Skift Take

We're slightly disappointed that Grey didn't run with the opportunity to make national parks as sexy as we know they have the potential to be and hesitant of the campaign's high expectations.

The National Park Service launched its largest-ever marketing campaign in preparation for the agency’s centennial celebrations in 2016.

The goal of the campaign, several years in the making, is to raise awareness of the park system among millennials. In addition to the website,, with its content on the parks and trip-planning tools, the campaign will include contests, social media engagement and influencer relationships.

The parks drew 292 million visitors, who enteried at least one national park in 2014, but there are misperceptions that they’re family destinations only or all located in the West.

“We get a lot of visitors but the demographic of that visitation is not representative of the country,” says National Park Service Director Jonathan Jarvis.

“We want to see not just an increase in visitation but a more diverse population that is using the national parks.”

When the National Park Service hired ad agency Grey in 2010, they required a year’s worth of qualitative and quantitative research to gauge the public’s understanding and awareness of the organization. Jarvis says the organization will replicate the same research in 2017 at the end of the campaign to determine its ultimate success.

The Campaign

Secretary of the Interior Sally Jewell and National Park Service Director Jonathan Jarvis kicked off the campaign in New York City where they introduced Find Your Park Virtual View Kiosks in which people can virtually experience parks from around the country.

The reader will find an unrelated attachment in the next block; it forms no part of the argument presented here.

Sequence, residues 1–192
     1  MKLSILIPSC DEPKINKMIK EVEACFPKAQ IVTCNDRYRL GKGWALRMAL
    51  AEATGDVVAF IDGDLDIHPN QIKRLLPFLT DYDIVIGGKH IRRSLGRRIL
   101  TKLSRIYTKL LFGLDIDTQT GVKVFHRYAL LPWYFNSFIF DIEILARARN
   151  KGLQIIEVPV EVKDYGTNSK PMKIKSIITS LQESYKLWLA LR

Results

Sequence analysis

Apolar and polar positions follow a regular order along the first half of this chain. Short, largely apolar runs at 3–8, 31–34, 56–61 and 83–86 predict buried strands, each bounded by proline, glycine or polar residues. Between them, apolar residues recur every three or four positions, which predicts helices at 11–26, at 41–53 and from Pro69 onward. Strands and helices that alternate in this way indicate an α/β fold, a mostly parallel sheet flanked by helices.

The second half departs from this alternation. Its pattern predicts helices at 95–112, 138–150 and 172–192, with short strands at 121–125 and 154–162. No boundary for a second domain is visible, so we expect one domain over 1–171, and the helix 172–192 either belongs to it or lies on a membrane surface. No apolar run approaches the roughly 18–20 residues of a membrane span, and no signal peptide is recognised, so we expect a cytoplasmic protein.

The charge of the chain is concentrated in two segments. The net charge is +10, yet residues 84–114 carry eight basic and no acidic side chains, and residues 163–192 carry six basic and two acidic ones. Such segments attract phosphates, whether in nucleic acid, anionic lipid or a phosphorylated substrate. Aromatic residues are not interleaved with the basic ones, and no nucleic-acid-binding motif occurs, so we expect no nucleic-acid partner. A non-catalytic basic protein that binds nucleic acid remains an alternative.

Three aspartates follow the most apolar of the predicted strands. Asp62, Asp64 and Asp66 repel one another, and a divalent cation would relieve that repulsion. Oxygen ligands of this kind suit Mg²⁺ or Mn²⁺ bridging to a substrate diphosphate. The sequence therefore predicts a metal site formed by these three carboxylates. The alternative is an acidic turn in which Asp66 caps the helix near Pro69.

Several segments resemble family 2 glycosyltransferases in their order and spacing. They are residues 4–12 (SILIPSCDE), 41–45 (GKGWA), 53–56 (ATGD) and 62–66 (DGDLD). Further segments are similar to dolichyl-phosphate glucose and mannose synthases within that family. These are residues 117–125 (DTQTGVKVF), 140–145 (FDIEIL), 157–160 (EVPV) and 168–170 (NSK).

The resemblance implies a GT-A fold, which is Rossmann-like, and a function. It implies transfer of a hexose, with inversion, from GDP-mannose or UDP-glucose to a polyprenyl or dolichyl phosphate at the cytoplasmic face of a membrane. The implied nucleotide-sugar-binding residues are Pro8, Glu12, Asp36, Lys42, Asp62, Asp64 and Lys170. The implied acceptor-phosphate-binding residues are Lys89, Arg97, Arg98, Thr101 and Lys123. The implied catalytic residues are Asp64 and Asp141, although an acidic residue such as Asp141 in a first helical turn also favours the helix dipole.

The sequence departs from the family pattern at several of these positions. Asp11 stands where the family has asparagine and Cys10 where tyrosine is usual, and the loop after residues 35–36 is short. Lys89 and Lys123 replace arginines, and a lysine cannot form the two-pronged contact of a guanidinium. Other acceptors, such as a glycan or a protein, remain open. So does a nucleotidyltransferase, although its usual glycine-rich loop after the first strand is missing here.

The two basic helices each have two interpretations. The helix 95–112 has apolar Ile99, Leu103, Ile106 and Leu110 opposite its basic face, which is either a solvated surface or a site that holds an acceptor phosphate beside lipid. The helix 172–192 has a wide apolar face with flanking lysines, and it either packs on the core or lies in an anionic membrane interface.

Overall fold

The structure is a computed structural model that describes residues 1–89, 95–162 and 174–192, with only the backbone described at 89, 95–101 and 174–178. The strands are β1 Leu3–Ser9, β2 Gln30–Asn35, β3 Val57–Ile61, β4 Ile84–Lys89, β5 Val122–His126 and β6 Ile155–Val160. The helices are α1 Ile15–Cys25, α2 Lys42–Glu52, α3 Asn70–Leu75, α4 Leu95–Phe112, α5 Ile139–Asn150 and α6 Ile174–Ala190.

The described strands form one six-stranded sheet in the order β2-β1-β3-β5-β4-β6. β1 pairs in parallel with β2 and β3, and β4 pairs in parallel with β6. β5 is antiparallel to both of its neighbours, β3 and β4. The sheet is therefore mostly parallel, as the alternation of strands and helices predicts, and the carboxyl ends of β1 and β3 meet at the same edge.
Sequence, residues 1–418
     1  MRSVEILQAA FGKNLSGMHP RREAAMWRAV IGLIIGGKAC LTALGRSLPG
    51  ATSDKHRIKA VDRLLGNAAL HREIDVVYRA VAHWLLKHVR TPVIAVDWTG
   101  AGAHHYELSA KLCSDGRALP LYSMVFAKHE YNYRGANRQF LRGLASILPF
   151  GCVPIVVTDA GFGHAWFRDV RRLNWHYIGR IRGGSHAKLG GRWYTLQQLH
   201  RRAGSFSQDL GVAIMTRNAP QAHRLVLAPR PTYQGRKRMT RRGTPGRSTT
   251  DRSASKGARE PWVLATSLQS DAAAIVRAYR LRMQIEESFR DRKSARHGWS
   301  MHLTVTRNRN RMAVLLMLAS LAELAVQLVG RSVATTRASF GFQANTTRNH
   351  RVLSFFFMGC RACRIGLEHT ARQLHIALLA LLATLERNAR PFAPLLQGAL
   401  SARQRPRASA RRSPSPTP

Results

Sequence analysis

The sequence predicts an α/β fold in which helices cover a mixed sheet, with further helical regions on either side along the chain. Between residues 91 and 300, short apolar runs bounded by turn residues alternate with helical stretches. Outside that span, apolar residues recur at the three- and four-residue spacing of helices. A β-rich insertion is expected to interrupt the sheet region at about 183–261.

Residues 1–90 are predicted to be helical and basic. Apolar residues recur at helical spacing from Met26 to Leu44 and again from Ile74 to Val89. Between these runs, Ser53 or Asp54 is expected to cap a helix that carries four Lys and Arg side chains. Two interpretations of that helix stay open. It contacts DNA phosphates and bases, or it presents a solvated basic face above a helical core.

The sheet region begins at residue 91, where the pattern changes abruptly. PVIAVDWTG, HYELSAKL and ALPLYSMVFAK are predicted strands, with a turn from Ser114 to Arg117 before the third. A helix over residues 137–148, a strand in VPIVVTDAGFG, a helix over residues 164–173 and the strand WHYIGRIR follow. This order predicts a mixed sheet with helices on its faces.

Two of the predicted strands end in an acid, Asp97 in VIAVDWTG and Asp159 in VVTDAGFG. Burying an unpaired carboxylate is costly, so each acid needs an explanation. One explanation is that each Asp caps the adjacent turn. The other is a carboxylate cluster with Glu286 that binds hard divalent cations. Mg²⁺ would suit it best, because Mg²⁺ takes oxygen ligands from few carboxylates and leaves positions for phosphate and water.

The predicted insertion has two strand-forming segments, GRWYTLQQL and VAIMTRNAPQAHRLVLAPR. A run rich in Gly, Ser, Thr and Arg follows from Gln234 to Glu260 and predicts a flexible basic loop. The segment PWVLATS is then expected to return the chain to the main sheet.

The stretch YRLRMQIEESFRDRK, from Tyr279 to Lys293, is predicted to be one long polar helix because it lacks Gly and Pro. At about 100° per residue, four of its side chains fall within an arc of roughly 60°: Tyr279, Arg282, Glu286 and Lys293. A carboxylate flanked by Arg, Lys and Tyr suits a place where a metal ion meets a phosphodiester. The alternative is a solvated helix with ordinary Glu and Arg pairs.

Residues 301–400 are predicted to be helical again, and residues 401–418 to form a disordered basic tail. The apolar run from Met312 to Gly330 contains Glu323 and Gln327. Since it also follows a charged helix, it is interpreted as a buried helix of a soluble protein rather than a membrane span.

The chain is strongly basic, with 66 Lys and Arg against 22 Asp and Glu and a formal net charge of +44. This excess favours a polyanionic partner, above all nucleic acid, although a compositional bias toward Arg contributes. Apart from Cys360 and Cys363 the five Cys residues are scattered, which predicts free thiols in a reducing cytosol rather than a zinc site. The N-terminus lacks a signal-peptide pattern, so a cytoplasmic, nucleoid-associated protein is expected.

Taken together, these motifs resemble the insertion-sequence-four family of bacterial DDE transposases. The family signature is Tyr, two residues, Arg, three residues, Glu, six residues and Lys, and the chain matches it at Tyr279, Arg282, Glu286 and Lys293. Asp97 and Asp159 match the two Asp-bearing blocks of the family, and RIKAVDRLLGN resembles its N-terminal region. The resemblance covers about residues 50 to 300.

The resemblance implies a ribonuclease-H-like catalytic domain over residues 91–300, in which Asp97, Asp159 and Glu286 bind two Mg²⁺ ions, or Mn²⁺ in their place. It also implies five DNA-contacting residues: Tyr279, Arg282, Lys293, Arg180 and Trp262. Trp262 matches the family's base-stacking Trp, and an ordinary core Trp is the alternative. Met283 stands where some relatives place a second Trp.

New creatives and events will be rolled out throughout the year and then again in 2016. There will be a combination of Instameets, consumer contests, and local activities hosted by individual parks. The National Park Service also hopes to foster a personal connection to the future of the parks through contribution programs where the public can donate to a certain project and volunteering opportunities.

“We’re appealing to a certain degree to the nature of the generation to want to be a part of something bigger,” says Jarvis.

The multi-million dollar campaign is being paid for exclusively through sponsor partnerships with big name brands like American Express, REI, Subaru and Budweiser. Partnerships will also play a major role in spreading awareness of the campaign. For example, there will be a feature on national parks in every 2016 issue of National Geographic.

“We have a ridiculous number of partnerships underway that are helping us carry this message out,” says Jarvis.


Some would point to the irony of a major digital campaign promoting the benefits of the outdoors, but Jarvis thinks that connectivity will play a major role in the future of the parks’ livelihood. He is currently meeting with service providers with the goal of having Wi-Fi at the visitor centers of every major park within the next few years.

His underlying goal is to get more people to share their park experiences and hopefully inspire their peers to also plan a trip.


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Tags: marketing, national parks

Photo credit: The homepage for the National Park Service's campaign Find Your Park. Find Your Park

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